Friends of Sleeping Bear Dunes will use their grant from the National Trails Fund to construct a new 4-mile trail in the Bow Lakes Area of Sleeping Bear Dunes National Lakeshore – an area containing unique geology and habitats not found in other parts of the National Lakeshore. Currently very few people visit the Bow Lakes Area of the National Lakeshore, because well-marked trails, signs, and facilities do not exist here. Friends of Sleeping Bear Dunes’ will build a hiking trail, install interpretive signs, and distribute maps and online materials to increase accessibility for school groups and individuals with an interest in learning about local geology and bog habitats. The isolated location and the hilly geography provide excellent opportunities for hiking, birding, snowshoeing, and skiing as well as a place for quiet mediation. The Environmental Assessment is being completed now thanks do donations from individuals, local businesses, and the Friends in 2013.
The National Trails Fund grant acquired by the Friends of Woodland Park (FWP) will be used to improve the Woodland Park trail system in Houston, Texas. FWP will install steps, bridges and signage to enhance trail access and usage. At the four trail entry points, FWP will install timber steps (water stops) to accommodate and encourage more pedestrian users. Additionally, FWP plans to install three small bridges to help users cross several small gullies. Lastly, signage will be added with map locations to keep hikers safe on the trail.
Tar River Land Conservancy (TRLC) will utilize a National Trails Fund grant to construct a one-mile, unpaved walking trail on TRLC’s Bunn Farms Tracts (Tracts). The Tracts contain a total of 34.8 acres and include creek frontage, forested wetlands and mature bottomland hardwood stands. Presently, the property is not open to the public due to the overgrowth of vegetation and general safety concerns. The Tracts adjoin public roadways and a neighborhood park. By constructing a walking trail, TRLC will enable the community to enjoy the natural beauty of the property, while also providing a means of outdoor recreation.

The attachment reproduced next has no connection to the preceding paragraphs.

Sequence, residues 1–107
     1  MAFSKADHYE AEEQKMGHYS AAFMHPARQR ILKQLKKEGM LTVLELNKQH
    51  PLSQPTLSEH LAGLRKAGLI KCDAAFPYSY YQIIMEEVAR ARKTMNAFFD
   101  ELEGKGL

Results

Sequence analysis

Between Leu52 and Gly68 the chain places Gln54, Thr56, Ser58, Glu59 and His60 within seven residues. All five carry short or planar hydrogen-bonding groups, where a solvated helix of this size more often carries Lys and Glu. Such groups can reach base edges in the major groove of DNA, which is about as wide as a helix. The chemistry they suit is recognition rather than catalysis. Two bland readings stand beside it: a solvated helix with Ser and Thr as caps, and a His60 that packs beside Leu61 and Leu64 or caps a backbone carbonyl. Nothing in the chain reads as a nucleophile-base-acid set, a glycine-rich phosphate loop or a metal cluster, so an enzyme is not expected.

TRLC hopes to accomplish the following by completing this project: (1) To enable public access to Stoney Creek, which is designated as a “state significant” aquatic habitat by the North Carolina Natural Heritage Program, along with interpretative materials to provide educational information about the important species, habitat and ecosystems in the Tar River Basin; (2) To provide a recreational resource to the local community; and (3) To engage local community groups and businesses in the creation of trails and outdoor recreation opportunities that could be leveraged in the future to provide access on other properties.
Washington Road Community Trail will use a National Trails Fund grant to improve the hiking experience along the Washington Road Community Trail. Feedback from hikers indicates that the existing bridges are worrisome because of the width and lack of handrails, while joggers have reported difficulty navigating a rocky culvert. Project goals include increasing visibility of trail information and maps while improving access by replacing two bridges and adding a third bridge to ease access.
Westmoreland Davis Memorial Foundation (WDMF) will use its National Trails Fund grant to open two sections of hiking trail in Morven Park, a 1,000-acre property in Leesburg, Virginia. WDMF will join the local school district, the Rotary Club, a Volunteer Widlife Conservancy Organization, and the Junior ROTC to complete the initiative. As a result, this special landscape of 350 mountainous and wooded acres on the Catoctin Ridge will become accessible to the public for the first time in over 20 years, beginning with these two sections.
This initiative includes two projects: a 1-mile trail built as part of an 8th-grade service learning project, and a 1-mile trail constructed by the Rotary Club and volunteers from Junior ROTC. The 8th-grade trail (currently unnamed) is part of Morven Park’s Student Citizenship Project, now in its pilot year. Eighth graders will learn skills to become active citizens through this supplement to their in-class civics curriculum, utilizing service learning to create long-lasting impact. Half the students will be asked to solve a community issue relating to lack of outdoor recreational opportunities, culminating in construction of the public hiking trail within Morven Park’s 350-acre wooded ridgeline. Simultaneously, the Rotary will lead construction of a hiking trail that will link to the 8th-grade trail. The “Wood Thrush Trail” begins near Morven Park’s existing sports fields, providing families a unique opportunity to enjoy nature in between competitions.